Thriving in an international career whether you are a migrant worker or expat, requires a great deal of self awareness, personal and professional development. It's not simple but it is rewarding. In this session I talk to one of my longest friends, someone I consider a sister, based on our shared experiences travelling throughout Latin America together as part of an internal audit team.
Why is the idea of getting back into employment so taboo for entrepreneurs? And why do friends and family have so much riding on binary outcomes of failure and success? If you want to see into the window of the souls of the people around you, become an entrepreneur. Let’s dig into this a bit, as I believe it affects everyone, and prevents people from not starting great ideas, and also not knowing when to stop an idea not worth developing further.
They are our present and our future, although it's not quite in their hands. This is the generation that’s already bringing change to pale, male and stale boardrooms around the world, but will they run out of time? We talk about careers, sustainability and the journey of these young women to create a future they want to be a part of.
“This book is a revelation in so many ways that I cannot enumerate. Each chapter had me go to places I hadn’t considered going; to my experiences, my biases, my joys, and my gifts foremost among them! This book doesn’t just recommend what I should consider in my journey to building a net – positive life, it puts the steering wheel in my hand, with a road map and tangible actions to plot out what’s meaningful to me! I have lengthy notes. I highly recommend it!”
Don't ask what gives you purpose, ask what gives you energy. Listen to this clip from this fantastic recording I had with Shane Ward, agroecologist and founder of Action Ecology. My wife introduced me to this idea. She's an organisational psychologist by training, and has been working in basic development and all these other things, so she came home one day was talking about an exercise that she was involved with where people were asked to try and find one word that described what energised them and for some reason, this captured my thinking in a way that nothing quite like it ever had.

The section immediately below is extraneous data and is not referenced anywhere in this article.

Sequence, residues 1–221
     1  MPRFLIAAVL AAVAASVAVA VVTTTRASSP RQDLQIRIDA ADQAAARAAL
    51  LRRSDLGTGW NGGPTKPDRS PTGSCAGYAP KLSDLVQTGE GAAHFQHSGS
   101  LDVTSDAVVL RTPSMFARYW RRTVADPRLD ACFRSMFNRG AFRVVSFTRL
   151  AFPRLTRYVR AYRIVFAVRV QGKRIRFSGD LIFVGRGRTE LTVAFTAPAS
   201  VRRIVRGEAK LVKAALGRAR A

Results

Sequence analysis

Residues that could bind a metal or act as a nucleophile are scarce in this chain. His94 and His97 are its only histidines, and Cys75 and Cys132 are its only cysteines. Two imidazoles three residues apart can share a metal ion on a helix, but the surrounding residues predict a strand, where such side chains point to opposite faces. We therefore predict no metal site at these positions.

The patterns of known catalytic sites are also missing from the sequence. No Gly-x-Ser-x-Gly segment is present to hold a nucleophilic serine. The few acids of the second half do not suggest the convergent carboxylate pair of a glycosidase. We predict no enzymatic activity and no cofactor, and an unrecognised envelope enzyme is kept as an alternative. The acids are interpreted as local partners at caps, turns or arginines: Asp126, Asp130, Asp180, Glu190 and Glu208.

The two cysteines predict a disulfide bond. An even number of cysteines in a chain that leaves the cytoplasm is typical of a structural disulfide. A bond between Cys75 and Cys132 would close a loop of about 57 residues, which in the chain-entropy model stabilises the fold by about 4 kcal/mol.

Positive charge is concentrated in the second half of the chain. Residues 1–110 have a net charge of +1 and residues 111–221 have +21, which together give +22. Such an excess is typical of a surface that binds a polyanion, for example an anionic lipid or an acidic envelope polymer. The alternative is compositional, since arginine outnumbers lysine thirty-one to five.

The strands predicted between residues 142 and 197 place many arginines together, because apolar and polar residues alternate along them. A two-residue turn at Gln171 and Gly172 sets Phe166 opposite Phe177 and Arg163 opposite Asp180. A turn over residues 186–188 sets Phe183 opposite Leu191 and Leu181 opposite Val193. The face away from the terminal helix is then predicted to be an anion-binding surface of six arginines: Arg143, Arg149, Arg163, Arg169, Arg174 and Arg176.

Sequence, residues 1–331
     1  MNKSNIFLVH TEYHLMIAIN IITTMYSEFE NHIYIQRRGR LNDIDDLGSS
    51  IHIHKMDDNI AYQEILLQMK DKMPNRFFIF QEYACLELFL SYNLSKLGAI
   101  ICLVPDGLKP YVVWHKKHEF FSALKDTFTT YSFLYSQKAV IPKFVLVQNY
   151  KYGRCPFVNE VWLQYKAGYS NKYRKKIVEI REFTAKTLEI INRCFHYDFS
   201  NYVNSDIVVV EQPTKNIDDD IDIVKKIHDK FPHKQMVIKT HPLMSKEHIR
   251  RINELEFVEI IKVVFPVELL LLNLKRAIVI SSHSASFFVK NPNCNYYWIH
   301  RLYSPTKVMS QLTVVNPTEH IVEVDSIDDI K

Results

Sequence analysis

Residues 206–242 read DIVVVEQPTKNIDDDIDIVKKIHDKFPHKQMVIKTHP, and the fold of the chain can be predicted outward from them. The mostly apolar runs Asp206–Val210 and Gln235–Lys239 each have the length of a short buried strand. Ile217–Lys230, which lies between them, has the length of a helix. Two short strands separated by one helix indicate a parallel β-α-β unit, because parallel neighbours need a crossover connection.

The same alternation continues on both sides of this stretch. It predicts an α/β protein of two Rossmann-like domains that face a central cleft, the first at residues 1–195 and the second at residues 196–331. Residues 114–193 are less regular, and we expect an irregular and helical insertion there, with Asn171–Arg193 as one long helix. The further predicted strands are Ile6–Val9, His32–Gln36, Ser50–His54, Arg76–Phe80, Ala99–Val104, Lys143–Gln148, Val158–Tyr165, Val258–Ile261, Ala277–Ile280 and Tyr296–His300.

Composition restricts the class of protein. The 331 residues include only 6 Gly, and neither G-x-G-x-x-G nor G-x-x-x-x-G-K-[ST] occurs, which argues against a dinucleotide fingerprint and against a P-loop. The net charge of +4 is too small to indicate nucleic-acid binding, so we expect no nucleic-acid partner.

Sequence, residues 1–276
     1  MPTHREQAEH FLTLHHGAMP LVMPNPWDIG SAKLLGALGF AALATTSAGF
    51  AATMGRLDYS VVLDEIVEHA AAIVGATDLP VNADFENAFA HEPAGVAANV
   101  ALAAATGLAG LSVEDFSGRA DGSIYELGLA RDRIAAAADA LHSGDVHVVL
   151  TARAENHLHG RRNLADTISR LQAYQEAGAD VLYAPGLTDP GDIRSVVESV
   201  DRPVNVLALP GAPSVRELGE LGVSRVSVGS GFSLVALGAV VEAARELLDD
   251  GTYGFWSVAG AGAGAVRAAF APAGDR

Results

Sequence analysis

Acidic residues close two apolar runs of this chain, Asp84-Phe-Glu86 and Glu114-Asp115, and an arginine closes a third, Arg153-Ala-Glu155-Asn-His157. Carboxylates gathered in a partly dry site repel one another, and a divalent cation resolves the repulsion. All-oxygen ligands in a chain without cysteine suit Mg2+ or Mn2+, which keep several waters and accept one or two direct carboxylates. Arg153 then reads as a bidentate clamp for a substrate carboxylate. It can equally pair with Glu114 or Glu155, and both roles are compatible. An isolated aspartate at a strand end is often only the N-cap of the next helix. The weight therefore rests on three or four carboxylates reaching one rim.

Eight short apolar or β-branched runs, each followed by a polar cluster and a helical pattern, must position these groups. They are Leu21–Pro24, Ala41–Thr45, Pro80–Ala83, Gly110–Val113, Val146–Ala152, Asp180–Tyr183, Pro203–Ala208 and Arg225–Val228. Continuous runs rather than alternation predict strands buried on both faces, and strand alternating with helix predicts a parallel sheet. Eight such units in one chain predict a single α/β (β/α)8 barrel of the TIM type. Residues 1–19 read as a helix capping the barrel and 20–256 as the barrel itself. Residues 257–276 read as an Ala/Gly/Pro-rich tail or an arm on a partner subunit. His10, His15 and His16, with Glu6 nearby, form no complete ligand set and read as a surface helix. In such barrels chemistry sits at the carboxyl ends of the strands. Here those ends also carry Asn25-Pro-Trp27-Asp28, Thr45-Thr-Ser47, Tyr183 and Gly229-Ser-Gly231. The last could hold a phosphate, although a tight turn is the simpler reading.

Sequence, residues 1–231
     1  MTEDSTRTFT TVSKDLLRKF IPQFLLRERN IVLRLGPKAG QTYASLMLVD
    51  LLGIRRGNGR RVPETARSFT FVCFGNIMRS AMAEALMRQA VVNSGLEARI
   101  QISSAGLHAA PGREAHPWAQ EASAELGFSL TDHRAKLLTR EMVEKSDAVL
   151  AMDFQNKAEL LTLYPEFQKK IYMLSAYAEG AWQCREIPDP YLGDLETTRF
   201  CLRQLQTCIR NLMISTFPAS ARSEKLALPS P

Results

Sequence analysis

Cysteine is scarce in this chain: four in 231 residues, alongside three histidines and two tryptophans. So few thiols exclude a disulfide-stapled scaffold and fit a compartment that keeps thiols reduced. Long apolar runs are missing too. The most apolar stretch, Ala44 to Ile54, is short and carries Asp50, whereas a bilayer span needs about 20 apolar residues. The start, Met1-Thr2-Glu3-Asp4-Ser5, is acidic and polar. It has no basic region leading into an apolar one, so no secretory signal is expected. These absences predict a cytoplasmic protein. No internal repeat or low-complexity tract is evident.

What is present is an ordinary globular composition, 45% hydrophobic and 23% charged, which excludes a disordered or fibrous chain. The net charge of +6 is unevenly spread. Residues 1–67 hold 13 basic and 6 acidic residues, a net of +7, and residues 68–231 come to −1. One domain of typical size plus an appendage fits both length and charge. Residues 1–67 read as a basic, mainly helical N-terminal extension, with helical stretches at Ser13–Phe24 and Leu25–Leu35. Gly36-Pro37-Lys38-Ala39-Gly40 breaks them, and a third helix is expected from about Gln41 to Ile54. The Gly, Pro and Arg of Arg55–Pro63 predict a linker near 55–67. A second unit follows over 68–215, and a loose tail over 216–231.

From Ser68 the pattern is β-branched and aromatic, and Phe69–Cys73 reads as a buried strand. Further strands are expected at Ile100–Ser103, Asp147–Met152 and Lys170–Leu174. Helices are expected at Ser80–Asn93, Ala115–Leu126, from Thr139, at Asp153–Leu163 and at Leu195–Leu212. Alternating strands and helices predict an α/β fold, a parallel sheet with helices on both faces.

" in 2015, when I did my MBA, I read a book called Frugal Innovation written by Navi Radjou about how Indians create low cost solutions, like baby incubators and fridges using the most limited means. So all of these types of solutions were coming from a place of need, they were solving real problems in the world. And I started to look at what sort of my organisations were doing in terms of innovation. And it felt like they were trying to solve problems for the brand, but not problems for the world. And I thought, This is not what we need to be doing here. Like there needs to be a real change in how we approach solving problems."